Like the rest of For The Love of Cynthia’s cast, Ron Pederson didn’t see a script until the first day of rehearsal. All 10 actors knew Stewart Lemoine was writing parts for them, of course, but they didn’t get so much as a glance at a page. Not until the day when, usually speaking, actors should already be versed in the material. Which, it turns out, is a bit of a Teatro La Quindicina tradition with its new works.
“Even if he’s completed the play a month before, he won’t give it to us,” Pederson chuckles. “I think that adds to the certain energy that you get when you come to an opening at Teatro.”
That energy, of course, is part of the company’s MO: Lemoine’s penchant for heightened eloquence is usually delivered with almost-madcap aplomb. Routinely large casts defy modern theatre’s typical offerings, making the vibe as much “onstage party” as anything else.
Cynthia, which opens Teatro’s 2016 season—and gets the distinction of being first full show-run in the long-awaited, much-upgraded Varscona Theatre—finds itself surveying 1950s Alberta, wherein a census taker discovers a tiny hamlet close to Drayton Valley that fancies itself an independent kingdom, complete with a royal court.
While there’s a lot to absorb in just three weeks of rehearsal—”When people ask me what the play’s about at this juncture, ‘I’m like, gosh, it’s about everything,” Pederson says—not being able to peruse the material beforehand also lets the cast approach the work with open eyes.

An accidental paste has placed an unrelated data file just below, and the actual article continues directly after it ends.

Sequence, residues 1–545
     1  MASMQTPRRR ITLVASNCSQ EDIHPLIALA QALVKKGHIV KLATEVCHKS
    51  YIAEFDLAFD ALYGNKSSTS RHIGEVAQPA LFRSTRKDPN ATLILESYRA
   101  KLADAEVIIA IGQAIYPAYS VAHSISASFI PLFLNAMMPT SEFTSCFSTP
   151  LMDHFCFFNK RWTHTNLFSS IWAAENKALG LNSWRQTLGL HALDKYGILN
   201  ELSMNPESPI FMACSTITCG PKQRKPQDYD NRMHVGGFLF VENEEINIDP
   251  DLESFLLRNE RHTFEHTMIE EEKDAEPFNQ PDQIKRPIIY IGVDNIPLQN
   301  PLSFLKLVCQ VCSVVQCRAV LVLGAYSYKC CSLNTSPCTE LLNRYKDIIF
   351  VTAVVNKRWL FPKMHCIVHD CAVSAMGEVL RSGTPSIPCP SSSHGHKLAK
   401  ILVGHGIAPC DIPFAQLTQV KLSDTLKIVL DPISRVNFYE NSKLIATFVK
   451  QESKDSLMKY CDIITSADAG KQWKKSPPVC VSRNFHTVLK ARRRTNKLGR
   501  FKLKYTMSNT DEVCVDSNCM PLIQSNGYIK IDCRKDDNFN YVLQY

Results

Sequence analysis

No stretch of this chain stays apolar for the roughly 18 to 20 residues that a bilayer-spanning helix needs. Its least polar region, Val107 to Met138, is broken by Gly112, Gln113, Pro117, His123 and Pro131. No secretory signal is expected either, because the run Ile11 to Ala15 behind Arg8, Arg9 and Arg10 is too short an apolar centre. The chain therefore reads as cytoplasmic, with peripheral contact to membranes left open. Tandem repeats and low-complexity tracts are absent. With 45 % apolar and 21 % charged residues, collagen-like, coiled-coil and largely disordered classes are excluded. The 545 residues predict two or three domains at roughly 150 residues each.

“It’s a gift, because nothing’s over-thought,” he says. “It forces you to come in empty, and discover it along the way. Great discoveries are made every day [in rehearsal]; every day, I’m like, ‘Ahh, OK, I see what’s happening here. I see what this needs.'”
Pederson points out that there’s an almost improvisational energy at play, as there often is with the company: the cast learns just where many of the punchlines and deeper sentiments lie the first time an audience is in the house.
“[Stewart]’s just always been around improvisation,” Pederson says. “And some of the themes of his plays are about improvisation, making it up, and the power of the imagination. It’s no wonder that there’s a matching energy between improv and the spontaneity of Teatro.
“That said, we’re rehearsing the hell out of it,” he adds. “I have to fence and sing a Schubert song. It’s not like we’re waiting for the audience—we’re preparing ourselves to meet them.”
Until Sat, Jun 18 (7:30 pm; 2 pm Saturday matinees)
Directed by Stewart Lemoine
Varscona Theatre, $20 – $34